Let me see if I have this right Adrian Beltre.
Your contract for next season is a player option for $5 million dollars. That option moves to $10 million dollars if he picked up 640 plate appearances this season – a total you hadn’t reached since the 2006 season. On Thursday you picked up plate appearance 640 triggering the clause. On Friday, you told the team you were going to miss the last three games of the season to be with your pregnant wife who has just gone into labor.
I love a good conspiracy as much as the next fella – you should see the 50+ JFK books in my library – but I’m not going to start something here other than to say I find it highly coincidental that the day after his contract option doubled Beltre decided to end his season. In truth, it matters little anyway since he is nearly certain to turn down the 1-year extension in his hope of landing one last, huge, big money deal. Does he deserve a big deal? Let’s examine his career track record before we render our judgment.
(1) Beltre will be 32 years old in April of next season. Based upon current training methods, it is reasonable to expect that he could be a useful everyday player for another 4-5 years. That would seem to indicate that he could be in line for a nice deal.
(2) Beltre is a good player, much better than he is often given credit for. He is an excellent defensive third basemen, always has been, but the quickness you need to play third base at a high level often starts to dissipate right about the age that Beltre currently is.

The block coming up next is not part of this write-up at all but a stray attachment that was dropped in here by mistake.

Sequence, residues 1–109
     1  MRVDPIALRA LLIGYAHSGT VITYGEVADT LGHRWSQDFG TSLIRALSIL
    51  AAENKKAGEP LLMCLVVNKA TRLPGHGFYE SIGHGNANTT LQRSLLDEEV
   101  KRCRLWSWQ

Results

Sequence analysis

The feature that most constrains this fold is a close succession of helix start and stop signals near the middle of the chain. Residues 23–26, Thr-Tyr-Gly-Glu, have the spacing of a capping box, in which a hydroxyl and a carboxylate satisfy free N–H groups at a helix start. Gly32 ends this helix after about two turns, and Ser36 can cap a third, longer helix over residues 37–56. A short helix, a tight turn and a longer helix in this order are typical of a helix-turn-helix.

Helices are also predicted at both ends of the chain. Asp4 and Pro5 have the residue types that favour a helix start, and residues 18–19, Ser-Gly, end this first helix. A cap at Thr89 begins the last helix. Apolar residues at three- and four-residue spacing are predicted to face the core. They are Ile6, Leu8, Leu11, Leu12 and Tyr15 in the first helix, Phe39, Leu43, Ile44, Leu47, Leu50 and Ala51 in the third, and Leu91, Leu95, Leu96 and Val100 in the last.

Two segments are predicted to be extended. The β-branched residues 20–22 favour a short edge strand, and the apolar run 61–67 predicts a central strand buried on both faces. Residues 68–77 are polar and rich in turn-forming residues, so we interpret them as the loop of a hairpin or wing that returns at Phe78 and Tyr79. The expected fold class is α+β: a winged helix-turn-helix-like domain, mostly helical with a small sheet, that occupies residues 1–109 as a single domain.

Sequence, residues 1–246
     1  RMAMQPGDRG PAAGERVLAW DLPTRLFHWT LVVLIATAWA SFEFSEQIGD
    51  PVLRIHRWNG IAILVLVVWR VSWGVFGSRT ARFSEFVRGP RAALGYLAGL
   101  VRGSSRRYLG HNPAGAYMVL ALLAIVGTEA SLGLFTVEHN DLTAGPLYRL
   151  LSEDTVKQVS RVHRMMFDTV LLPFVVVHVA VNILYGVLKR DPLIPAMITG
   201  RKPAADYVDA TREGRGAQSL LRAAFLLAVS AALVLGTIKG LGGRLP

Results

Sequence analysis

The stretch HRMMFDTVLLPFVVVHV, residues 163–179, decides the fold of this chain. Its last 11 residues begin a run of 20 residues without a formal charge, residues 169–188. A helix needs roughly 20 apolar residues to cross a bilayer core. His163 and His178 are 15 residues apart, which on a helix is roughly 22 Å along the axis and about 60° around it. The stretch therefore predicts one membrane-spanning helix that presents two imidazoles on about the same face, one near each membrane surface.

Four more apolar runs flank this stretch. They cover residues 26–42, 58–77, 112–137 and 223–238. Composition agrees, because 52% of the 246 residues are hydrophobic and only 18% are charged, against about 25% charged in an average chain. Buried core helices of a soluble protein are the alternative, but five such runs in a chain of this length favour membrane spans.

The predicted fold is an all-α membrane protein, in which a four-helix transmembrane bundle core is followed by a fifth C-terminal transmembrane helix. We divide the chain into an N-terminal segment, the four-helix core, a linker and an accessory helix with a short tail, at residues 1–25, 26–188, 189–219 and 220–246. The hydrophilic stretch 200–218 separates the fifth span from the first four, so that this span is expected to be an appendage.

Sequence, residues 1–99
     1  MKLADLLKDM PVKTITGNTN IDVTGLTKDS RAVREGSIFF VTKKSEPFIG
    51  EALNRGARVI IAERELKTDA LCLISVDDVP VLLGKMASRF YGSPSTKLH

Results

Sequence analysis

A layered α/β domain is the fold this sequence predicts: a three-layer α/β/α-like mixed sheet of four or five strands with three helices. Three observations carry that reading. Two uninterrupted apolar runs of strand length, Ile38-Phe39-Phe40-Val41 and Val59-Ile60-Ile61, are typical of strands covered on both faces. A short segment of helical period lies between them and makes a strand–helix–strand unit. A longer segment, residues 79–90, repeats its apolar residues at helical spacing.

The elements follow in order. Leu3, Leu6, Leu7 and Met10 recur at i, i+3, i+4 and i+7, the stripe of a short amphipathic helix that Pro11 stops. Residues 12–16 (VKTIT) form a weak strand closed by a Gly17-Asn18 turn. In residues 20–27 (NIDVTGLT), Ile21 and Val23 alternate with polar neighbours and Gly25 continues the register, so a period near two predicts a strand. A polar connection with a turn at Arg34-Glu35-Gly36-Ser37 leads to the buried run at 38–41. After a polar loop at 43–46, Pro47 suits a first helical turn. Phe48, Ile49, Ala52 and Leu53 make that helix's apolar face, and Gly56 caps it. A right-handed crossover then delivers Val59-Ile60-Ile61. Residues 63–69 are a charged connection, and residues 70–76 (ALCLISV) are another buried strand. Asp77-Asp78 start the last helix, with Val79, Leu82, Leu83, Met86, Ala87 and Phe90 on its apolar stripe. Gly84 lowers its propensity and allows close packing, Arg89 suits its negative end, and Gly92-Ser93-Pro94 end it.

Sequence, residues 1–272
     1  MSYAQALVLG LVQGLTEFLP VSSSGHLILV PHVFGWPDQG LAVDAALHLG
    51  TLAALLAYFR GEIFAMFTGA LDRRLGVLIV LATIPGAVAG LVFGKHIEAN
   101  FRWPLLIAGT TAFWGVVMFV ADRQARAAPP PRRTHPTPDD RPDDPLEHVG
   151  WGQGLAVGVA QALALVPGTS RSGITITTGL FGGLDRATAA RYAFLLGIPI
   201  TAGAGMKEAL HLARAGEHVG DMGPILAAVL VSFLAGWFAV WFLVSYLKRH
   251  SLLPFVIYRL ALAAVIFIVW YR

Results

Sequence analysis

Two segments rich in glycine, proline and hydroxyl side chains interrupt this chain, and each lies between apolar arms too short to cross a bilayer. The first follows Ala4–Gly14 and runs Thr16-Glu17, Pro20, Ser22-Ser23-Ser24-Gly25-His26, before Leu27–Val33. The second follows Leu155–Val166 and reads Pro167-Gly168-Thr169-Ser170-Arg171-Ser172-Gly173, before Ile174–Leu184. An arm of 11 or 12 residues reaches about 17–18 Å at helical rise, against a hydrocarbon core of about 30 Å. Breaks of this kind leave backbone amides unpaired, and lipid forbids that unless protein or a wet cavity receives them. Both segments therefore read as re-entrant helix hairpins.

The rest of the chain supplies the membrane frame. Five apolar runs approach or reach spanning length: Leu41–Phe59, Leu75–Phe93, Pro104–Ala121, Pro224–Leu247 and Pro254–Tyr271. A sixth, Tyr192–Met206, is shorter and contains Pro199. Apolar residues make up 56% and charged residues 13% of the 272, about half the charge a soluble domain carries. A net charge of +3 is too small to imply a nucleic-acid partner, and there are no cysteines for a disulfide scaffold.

(3) While a strong hitter with a good track record, there is a major concern with Beltre. The two best seasons of his career, the only two that can legitimately be labeled as difference making seasons, just so happened to occur the two years he was heading into free agency. In 2004 he had arguably the greatest hitting season by a third baseman in history as he hit .334 with 48 homers, 121 RBI, 104 runs scored, 200 hits and a 1.017 OPS. This season he hit .321-28-102-84 with 189 hits an a .919 OPS.
Not once, other than those two seasons just referenced, has he ever had 100 RBI.
Not once, other than those two seasons, has he ever had 170 hits a season.
Not once, other than those two seasons, has he ever hit over .290.
Not once, other than those two seasons, has he ever posted an OPS over .850.
You’re starting to get the point right?
(4) Still, I don’t want to short Beltre who is good, just not great, hitter. From 2002 through 2010, each of the eight seasons that he had at least 500 at-bats he hit 19 homers with 75 RBI (he missed out in 2009 when he had eight homers and 44 RBI in 449 ABs). Again not great numbers, but at the same time he is the only third baseman in baseball who has pulled off the 19-75 double in eight of the past nine seasons.
In the end, just hope that your favorite team doesn’t open up the vault to sign a player who is nearing the decline phase of his career. Beltre should be a very productive player for the next handful of seasons, but do yourself a favor and look for a series of 20 homer, 80 RBI efforts or you are going to be left feeling like you got stuck with the dinner tab like Dez Bryant just did by his Cowboys’ teammates.